#NASH74 Goes Viral and Other Nasty Travel News.
The virus spread like the news of a celebrity death on Twitter
It all started with this line:”Motherf*cker! She threw up on the back of my head. Motherf*ckerrr!”
(I am most happy to say, I was not the mother*cker who blessed this guy’s head with the contents of my stomach.)
When I squeezed a week’s worth of clothing into a tiny suitcase—bright blue for easy identification in the luggage-swallowing airports—and set off to Victoria, B.C. for Archipelago, the Canadian University Press’ 74th National Conference, my list of worries included crashing planes, lost bags and bed bugs in the hotel mattresses. Spending a night, curled up in ever-increasing agony, on the cold white tiles of the bathroom floor was not on that list.
Nevertheless, myself, and some 60-70 others, did just that. We had been struck with Norovirus, a horrible stomach bug, passed by contact with infected bodily fluids, often in hotels, on cruise ships, at summer camps, and other places where large numbers of people gather together. The virus is like a tornado, coming out of nowhere, unexpected and uninvited, doing maximum damage in a short span of time, and leaving without so much as a remorseful glance over its shoulder. After its sudden onset, what followed was a long torturous night for the infected and a fearful one for those yet to be touched by the slimy, unmerciful fingers of Norivirus. While the healthy huddled together, though not too closely, wrapping their faces in scarves and scrubbing their hands with Purell, the infected were quarantined together to fight through the tight uncomfortable feeling in their stomachs and get well-acquainted with bathroom sinks, tubs and toilets.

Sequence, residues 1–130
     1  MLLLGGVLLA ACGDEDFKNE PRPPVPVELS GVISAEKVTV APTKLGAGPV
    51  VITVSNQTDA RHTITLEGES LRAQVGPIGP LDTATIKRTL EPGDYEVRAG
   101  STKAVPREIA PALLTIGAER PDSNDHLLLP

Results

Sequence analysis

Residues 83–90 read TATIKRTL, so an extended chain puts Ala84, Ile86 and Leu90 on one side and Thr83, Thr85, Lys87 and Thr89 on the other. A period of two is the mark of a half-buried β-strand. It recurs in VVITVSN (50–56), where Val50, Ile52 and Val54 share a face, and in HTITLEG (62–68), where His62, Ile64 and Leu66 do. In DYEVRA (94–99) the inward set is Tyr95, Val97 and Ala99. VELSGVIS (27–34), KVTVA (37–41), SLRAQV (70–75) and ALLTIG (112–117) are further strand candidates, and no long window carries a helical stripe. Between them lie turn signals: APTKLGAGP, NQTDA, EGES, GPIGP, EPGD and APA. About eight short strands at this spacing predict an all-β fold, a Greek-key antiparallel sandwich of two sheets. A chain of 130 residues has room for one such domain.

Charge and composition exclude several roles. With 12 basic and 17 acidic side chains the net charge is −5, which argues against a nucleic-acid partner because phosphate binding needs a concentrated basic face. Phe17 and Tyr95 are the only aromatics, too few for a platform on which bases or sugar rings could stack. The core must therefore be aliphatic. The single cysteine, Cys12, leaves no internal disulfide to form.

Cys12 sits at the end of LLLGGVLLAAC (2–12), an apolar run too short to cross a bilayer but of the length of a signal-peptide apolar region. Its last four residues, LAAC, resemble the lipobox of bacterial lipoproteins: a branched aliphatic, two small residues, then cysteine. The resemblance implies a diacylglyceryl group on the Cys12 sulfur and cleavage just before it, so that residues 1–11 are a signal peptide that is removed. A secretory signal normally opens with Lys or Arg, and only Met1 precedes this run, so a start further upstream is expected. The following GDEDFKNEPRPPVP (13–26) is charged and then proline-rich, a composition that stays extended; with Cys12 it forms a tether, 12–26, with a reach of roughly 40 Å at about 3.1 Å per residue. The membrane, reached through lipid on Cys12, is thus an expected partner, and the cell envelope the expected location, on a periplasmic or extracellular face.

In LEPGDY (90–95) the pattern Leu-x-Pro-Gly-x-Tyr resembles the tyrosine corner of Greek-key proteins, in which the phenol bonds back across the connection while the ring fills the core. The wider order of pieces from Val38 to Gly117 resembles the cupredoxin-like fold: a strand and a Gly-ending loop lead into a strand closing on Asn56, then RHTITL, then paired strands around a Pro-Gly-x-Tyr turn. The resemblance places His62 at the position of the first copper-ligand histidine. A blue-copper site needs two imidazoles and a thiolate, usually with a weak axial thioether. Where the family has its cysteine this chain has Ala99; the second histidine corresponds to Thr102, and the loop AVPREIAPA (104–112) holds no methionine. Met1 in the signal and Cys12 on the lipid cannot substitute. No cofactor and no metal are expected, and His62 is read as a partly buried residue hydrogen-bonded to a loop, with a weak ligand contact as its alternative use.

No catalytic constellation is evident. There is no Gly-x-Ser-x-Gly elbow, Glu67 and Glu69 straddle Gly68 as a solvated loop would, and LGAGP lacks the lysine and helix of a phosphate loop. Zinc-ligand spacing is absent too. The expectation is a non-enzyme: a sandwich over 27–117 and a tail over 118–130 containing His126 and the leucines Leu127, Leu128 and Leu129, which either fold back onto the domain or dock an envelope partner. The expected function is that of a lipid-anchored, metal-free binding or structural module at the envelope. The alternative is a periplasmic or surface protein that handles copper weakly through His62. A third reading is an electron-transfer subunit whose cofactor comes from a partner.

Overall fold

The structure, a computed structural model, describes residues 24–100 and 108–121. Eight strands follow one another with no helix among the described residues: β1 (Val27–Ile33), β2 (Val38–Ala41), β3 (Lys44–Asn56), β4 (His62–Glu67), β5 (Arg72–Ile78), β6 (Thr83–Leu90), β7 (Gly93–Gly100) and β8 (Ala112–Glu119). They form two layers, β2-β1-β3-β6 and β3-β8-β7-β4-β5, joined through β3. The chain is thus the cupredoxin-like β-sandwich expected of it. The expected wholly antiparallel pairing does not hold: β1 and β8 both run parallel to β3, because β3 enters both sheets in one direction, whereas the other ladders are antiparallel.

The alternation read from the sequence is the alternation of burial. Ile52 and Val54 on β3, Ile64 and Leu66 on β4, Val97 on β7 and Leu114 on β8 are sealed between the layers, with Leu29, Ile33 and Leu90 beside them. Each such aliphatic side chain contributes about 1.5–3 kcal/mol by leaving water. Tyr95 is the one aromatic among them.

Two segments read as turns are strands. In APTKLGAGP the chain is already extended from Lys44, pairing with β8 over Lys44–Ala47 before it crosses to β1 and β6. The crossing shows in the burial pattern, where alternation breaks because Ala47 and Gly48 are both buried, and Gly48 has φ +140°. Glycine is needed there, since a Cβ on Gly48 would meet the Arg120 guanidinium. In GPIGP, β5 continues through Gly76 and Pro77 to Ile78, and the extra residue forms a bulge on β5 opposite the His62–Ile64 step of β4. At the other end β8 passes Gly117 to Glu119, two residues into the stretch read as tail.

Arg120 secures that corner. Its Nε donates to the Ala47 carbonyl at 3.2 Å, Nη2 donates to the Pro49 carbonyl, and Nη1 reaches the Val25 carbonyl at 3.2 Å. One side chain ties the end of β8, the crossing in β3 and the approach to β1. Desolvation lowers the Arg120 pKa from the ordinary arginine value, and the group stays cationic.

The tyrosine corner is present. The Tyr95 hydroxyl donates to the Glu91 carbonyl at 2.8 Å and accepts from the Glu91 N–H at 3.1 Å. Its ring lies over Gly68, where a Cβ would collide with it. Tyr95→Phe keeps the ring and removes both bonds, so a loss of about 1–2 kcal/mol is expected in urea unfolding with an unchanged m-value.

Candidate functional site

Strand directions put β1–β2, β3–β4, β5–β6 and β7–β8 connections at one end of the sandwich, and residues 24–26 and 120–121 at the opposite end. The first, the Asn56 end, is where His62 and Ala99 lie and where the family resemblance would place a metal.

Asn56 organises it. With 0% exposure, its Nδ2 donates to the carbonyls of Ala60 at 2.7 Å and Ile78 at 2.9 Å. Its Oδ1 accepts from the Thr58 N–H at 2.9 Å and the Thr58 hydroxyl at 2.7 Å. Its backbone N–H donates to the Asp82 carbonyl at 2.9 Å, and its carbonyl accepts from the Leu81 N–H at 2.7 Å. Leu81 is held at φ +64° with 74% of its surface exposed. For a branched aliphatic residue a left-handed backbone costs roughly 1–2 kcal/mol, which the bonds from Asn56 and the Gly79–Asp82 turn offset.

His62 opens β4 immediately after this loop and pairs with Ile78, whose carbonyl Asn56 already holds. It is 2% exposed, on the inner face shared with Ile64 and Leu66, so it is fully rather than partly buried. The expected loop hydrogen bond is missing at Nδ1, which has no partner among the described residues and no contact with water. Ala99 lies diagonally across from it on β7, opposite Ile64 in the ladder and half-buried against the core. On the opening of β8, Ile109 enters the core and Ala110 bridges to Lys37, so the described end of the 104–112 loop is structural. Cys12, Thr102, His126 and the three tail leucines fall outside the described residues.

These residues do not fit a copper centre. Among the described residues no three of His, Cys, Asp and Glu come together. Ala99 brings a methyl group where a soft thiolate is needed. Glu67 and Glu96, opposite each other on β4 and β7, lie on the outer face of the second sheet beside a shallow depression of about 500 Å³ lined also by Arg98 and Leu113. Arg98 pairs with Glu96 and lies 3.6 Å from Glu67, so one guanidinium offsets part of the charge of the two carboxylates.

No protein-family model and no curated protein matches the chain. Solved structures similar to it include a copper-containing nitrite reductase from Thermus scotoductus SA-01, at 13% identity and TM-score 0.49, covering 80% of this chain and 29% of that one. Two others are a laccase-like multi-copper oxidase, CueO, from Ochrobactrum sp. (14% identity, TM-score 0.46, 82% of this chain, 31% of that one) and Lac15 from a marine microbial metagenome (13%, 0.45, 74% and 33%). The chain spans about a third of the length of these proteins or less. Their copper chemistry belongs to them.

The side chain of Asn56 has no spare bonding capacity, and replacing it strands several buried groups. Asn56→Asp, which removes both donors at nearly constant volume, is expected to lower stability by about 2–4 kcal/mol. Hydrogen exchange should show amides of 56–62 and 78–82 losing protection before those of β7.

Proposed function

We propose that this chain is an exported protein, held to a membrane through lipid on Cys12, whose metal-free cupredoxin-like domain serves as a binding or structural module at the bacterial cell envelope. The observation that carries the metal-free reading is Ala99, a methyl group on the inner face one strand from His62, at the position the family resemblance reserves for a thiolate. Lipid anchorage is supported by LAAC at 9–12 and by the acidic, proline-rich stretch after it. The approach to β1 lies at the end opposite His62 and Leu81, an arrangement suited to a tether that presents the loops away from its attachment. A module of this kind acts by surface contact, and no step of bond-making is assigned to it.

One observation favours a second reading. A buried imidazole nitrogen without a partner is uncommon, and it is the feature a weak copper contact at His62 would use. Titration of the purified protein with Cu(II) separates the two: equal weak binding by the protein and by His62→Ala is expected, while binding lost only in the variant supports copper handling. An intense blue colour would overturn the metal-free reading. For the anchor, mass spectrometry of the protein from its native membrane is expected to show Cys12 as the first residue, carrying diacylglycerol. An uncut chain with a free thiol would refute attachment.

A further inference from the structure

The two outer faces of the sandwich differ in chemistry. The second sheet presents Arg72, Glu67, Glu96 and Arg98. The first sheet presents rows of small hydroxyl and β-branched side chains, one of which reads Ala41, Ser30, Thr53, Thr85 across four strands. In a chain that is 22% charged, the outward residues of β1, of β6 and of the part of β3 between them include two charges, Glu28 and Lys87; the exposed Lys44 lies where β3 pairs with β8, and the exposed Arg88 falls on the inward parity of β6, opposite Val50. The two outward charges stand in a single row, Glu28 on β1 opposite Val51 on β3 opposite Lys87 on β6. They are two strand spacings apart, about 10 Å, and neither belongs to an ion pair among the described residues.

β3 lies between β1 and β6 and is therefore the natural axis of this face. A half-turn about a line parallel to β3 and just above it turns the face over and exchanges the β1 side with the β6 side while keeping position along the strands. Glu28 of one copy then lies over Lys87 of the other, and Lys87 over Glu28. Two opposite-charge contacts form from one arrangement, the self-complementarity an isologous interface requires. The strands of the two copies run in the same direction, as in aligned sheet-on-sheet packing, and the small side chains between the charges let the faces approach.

If you don’t believe this thing was as bad as I make it sound, you don’t have to take my word for it. This was a student journalism conference, so of course there’s documentation. You only need to look so far as hashtag #NASH74 to find first hand reports of the horror. By the afternoon after the onset of Barfilego, as it was dubbed, NASH 74 had made the news. We had gone viral, literally.
I think what horrified me most about Barfipelago wasn’t the actual sickness itself, but the potential for it to spread. Allow me to paint a mental picture. A national student journalism conference takes place on the west coast of the country. In attendance are 400 students from universities from across the country. Some of those students have contracted the virus, and those who haven’t, have been exposed and may be incubating it. Those students are due to fly back to their campuses in 48-72 hours, passing through international airports in practically every province and a few northern states. Picture the virus-spread map fromRise of the Planet of the Apesand the fast spreading grossness of Contagion. Scared yet?
Of course we know Norovirus is not the worst thing that can be deposited in your city by some poor wary traveller. Every year, the government of Canada warns travellers to get immunized against certain illnesses that are commonly contracted by vacationers. An MSNBC article entitled ‘8 most common travel illnesses’ names some of the illnesses often contracted while travelling. Norovirus makes the list along with malaria, dengue fever, and chikugunya, none of which have a vaccine. And these illnesses are not confined to exotic locales and third world countries. Some of them happen just south of the border.